Sydney brewery Young Henrys and Brisbane pop punk band Dune Rats originally launched Dunies Lager in 2017. It’s a 4.20% ABV lager brewed with Mosaic, Citra, El Dorado and Azacca hops, which provide a depth of flavour without compromising the quaffable character one expects from a lager.
Dunies Lager is available exclusively from the Young Henrys online store. Cans and cases of the rebooted Dunies Lager feature original artwork from Dune Rats’ long-time collaborator, Lee McConnell. But the latest batch is slightly different from the original release.
“We were just talking to the master brewer and apparently it’s got different hops in it,” says Dune Rats co-founder Danny Beus, who’s chatting to Rolling Stone Australia after a midday visit to Young Henrys’ Newtown HQ.
Beus is no expert on the particulars of beer brewing, but the Dune Rats guitarist and lead vocalist likes what he tastes. “I think it actually tastes better than the last time,” he says.
Beus has grown up a bit since 2017—“Musically, beer-wise, food-wise,” he laughs—but Dune Rats have maintained a reputation as hard-partying stoners, around whom there’s never a dull moment. “When we first started, because we were so heavily touring, that was our life for 340 days of the year—or 420 days of the year,” Beus says.
Being a Dune Rat remains the number one priority for Beus and his band mates, drummer Michael Bylund-Cloonan and bass player Brett Jansch. But four albums and more than a decade into their career, self-moderation is necessary to prevent the wheels from coming off.
“We’re pretty lucky that this is our job,” says Beus. “We kind of have a little bit more chill time, so it’s not as Slurms MacKenzie as it used to be.”
All of that said, the Brisbane band channelled the spirit of MacKenzie—a Futurama character nicknamed “the original party worm”—on their Real Rare Whale launch tour. Rather than booking a series of theatre and arena dates, the band decided to host a bunch of bespoke album launch parties in various unconventional venues around the country.
“We still fucking love having a party and we’re fortunate that our shows bring that sort of vibe,” Beus says. “I’m really thankful we’re not a band who sings songs about the downer times in our lives and emotions and all of that—full credit to anyone who does, but I’d hate to go on tour and do that every night.”
Dune Rats’ two best-known singles are “Scott Green” and “Bullshit.” Both songs appeared on the band’s 2017 album, The Kids Will Know It’s Bullshit, their first of two consecutive ARIA number ones.
The chorus of the former goes, “At a party, who’s Scott Green? / Cocaine or ecstasy / Cigarettes or LSD / It doesn’t really matter/ Just gimme gimme gimme.” The latter, while not as explicit, contains multiple utterances of the line, “I’m a little messed up / It might be the drugs.”
On Real Rare Whale, however, Beus and co. wanted to show there was more to their songwriting than accounts of narcotics consumption. “The whole perception of us being three stoner dudes that just write songs about drugs and partying, hopefully with this album it’s starting to get away from that,” he says.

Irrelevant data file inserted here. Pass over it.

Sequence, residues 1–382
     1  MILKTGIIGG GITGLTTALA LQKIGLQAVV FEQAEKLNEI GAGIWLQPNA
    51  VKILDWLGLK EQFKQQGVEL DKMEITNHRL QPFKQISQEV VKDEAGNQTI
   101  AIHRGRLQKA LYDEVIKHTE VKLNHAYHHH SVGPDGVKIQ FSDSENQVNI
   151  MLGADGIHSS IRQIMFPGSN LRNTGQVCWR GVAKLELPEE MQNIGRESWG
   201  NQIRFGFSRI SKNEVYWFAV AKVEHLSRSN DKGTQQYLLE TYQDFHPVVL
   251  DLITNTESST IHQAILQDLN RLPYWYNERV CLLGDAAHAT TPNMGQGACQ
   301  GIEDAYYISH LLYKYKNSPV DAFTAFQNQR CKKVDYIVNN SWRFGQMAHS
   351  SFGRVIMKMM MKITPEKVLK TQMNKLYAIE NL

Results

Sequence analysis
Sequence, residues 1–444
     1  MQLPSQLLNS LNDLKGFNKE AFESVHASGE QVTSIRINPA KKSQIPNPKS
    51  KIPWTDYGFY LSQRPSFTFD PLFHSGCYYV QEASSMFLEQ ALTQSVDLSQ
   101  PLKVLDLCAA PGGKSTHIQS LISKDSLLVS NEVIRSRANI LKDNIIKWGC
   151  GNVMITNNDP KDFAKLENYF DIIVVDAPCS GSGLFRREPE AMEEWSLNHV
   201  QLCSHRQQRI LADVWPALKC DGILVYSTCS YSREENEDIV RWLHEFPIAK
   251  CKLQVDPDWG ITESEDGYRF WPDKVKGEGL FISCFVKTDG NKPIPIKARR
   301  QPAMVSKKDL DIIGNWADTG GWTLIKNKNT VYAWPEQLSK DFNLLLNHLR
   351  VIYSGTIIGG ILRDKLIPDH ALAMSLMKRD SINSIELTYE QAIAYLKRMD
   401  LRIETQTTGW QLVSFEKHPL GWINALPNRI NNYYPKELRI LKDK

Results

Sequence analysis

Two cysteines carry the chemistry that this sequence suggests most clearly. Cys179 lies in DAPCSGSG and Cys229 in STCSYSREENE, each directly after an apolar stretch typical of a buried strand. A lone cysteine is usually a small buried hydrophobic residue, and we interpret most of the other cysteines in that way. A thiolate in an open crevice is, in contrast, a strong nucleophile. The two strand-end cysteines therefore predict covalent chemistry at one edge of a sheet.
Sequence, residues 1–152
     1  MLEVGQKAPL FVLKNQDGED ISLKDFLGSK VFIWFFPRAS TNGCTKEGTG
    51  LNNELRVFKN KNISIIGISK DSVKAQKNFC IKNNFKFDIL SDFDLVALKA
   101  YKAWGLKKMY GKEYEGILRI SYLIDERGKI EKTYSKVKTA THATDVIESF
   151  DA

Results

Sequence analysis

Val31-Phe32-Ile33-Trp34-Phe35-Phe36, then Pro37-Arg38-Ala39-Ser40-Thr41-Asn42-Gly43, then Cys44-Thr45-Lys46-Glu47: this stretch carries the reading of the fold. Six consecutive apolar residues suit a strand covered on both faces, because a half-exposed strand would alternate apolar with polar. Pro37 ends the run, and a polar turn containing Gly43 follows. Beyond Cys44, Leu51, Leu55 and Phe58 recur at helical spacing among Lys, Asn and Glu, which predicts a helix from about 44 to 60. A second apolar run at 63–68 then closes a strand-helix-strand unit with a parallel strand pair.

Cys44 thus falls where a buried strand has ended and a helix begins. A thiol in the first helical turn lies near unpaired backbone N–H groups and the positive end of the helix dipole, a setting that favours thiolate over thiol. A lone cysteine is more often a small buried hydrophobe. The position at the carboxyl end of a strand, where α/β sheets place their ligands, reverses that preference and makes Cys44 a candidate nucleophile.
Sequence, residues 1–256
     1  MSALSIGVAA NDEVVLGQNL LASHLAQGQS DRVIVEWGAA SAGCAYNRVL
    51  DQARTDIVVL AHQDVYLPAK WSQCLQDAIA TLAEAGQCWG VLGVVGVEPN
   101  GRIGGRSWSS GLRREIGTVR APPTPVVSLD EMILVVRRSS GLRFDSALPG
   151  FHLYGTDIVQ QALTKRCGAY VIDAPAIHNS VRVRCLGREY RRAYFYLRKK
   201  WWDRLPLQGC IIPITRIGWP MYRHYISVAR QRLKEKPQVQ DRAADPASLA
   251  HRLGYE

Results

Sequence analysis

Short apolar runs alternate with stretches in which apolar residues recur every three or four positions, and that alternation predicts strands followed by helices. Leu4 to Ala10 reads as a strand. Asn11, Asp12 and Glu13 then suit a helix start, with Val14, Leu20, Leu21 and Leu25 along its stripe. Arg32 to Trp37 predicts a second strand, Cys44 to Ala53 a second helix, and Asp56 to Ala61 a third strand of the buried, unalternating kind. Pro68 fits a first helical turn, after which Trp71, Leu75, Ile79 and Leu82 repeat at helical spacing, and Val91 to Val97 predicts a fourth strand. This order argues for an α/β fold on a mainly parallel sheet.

Indeed—while the album does include a song called “Drink All Day”, songs such as “UP” lay bare Dune Rats’ desire to shake off easy pigeonholing. With its use of Eurodance drumbeats and heavily compressed acoustic guitars, “UP” sounds like a merging of TISM and The La’s, and is substantively different from anything on Dune Rats’ first three albums.
“That song was almost a joke until the label heard it,” says Beus. The band’s label insisted “UP” be included on the album, highlighting the strength of the melodic hooks that occur throughout. As it happened, Dune Rats were recording the album with producer Scott Horscroft, whose CV includes pop-oriented acts Empire of the Sun, Middle Kids and DMA’S.
“He wouldn’t let [‘UP’] go,” says Beus. “He was just like, ‘You guys need to not only record this song, but really back it.’”
The band acceded and “UP” was released as the album’s lead single in late 2021. The three members of Dune Rats went to the effort of learning a choreographed dance routine for the song’s Tim Burton-influenced music video, directed by Natalie Sim.
“We knew that some people were not going to like it,” says Beus of the stylistic curve ball presented by “UP”. But the band members were confident the majority of their supporters would be on board.
“The dudes and girls that like Dunies know Dunies,” says Beus. “Even though it’s a dancey song, there is a lot of tongue in cheek and it’s fun. We’re not the sort of band that’s going to change and just do that [style] from then onwards.”
Dune Rats’ album launch tour began at The Industrique, a former industrial warehouse in the Melbourne suburb of Coburg. For the Sydney launch, Dune Rats took over a pub on the Princes Highway in St Peters for three limited-capacity parties. The band’s hometown launch took place at the Coorparoo Bowls Club, which happens to be Bylund-Cloonan’s local.
“We love Turnstile, that band from America, and we were just looking at all their D.I.Y., punkier shows,” says Beus regarding the inspiration for the informal album launch tour. “We were like, we’d love to go take this album—because it is such a live, sweaty, fast-paced album—take it somewhere we can actually play the album from start to finish to people who really froth the band.”